I live in a two-bedroom apartment that costs $893 per month. That includes gas but not electricity. Some of the apartments in this complex are within a couple hundred yards of the Metro stop. It would still be a good idea to have a car even if you commute to work by Metro. I work about 12 to 15 miles north of here halfway to Baltimore, so for me this is a nice place to live because I can easily get to both work and into downtown D.C. Is living within walking distance of every place you want to get to that important? There’s a lot to do in the D.C. area (and, yes, Dave, there’s a lot to do in the Baltimore area too), but if you want to enjoy all the things you can do in the Baltimore-Washington area you’re going to have to drive to them anyway. I figure I might as well live in a neighborhood with fairly cheap rent, since I would have to do a fair amount of driving anyway.

Metro is DC’s rail system. In DC, it’s mostly underground; in the suburbs, about half of it is above ground. You absolutely want to live near a metro station and work near another.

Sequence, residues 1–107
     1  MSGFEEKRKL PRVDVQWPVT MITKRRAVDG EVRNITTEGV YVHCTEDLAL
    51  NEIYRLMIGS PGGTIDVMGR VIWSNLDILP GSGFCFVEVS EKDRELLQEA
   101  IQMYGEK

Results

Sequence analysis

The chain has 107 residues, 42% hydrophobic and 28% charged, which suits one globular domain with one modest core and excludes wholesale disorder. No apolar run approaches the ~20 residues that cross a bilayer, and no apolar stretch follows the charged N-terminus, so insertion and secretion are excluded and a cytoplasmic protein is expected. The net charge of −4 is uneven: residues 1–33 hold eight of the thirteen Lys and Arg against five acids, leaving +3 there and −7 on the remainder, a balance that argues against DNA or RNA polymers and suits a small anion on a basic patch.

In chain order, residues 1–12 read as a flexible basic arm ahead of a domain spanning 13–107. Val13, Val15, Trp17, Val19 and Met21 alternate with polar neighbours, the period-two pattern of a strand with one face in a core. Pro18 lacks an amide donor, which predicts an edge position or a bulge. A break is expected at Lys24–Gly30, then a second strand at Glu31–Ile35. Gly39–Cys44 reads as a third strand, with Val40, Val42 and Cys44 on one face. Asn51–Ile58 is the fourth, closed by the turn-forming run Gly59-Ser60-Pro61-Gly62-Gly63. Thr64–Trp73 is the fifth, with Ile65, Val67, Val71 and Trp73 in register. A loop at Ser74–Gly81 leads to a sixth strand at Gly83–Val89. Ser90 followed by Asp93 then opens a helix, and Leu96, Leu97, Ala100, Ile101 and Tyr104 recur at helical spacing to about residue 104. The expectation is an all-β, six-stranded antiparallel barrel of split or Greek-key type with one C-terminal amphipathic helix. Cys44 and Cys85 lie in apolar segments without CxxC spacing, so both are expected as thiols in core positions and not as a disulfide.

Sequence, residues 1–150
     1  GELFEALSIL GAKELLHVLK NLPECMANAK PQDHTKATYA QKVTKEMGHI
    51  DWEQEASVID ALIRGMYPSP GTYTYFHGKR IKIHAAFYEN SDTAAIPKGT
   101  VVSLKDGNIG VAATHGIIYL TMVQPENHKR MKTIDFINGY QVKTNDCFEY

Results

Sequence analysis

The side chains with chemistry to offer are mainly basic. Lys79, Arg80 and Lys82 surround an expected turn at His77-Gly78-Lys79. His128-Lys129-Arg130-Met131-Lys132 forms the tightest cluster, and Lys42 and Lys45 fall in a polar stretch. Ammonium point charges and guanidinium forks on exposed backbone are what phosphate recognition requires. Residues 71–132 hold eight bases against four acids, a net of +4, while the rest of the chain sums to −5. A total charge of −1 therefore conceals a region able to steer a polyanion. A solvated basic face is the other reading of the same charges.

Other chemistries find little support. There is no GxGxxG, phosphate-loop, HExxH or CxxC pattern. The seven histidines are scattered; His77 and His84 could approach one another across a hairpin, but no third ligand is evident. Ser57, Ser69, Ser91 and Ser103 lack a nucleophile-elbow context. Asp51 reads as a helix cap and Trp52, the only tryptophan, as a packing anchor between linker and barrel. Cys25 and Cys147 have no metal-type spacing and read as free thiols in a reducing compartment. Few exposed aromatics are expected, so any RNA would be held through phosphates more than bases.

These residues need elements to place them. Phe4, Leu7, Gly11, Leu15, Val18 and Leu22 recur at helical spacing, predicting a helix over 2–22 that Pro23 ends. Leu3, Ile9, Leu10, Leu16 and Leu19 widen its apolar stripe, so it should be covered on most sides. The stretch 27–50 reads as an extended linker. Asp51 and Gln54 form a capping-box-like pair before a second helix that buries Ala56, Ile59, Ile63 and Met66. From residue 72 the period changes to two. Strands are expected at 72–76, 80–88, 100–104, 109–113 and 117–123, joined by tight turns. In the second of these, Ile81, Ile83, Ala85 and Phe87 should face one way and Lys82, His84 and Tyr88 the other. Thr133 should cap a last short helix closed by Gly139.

Metro is also Metrobus, which I really dislike.

I’ve lived all around the DC area. I’m in Alexandria right now, which is okay (Moving to a new Duke St. apartment next week, walking distance from King St. Metro), but my favorite places to live have been Takoma Park and Adams-Morgan (which is in DC, kind of NE of Dupont Circle).

The Metro is the subway system.

I lived in Dupont Circle for 3-4 years and loved it. Easy access to the Metro, you can walk to Adams Morgan and the Mall…what more could you want? :slight_smile:

$1000 for a two-bedroom apartment? Hmm. I think you’re going to have a tough time finding a place in DC, Arlington, or Alexandria for that price range, but you can get lucky. The biggest problem is that rents tend to be higher around Metro stations, because that’s where everyone wants to live!

I would suggest looking around the Silver Spring-Wheaton area, or maybe College Park. They are in Maryland, just to the north and northeast of DC, respectively. There should be decent access to Metro around there. You might also check out the Falls Church to Vienna area, which is a ways west of Arlington and DC. Commutes to various parts of DC will take a while and cost roughly $2.50 to $3.50 each way, but the rental properties out there are probably what you’re looking for.

I’m afraid I live smack in the middle of DC, so I’m not aware of any realtors that might help you in those areas with rental properties. Having searched for apartments around here numerous times, I’ve found and the like to be absolutely worthless.

Call around to a few realtors in the yellow pages and you’re sure to find one that can help you out, and a few have websites, also, so you can keep up to date on new apartments.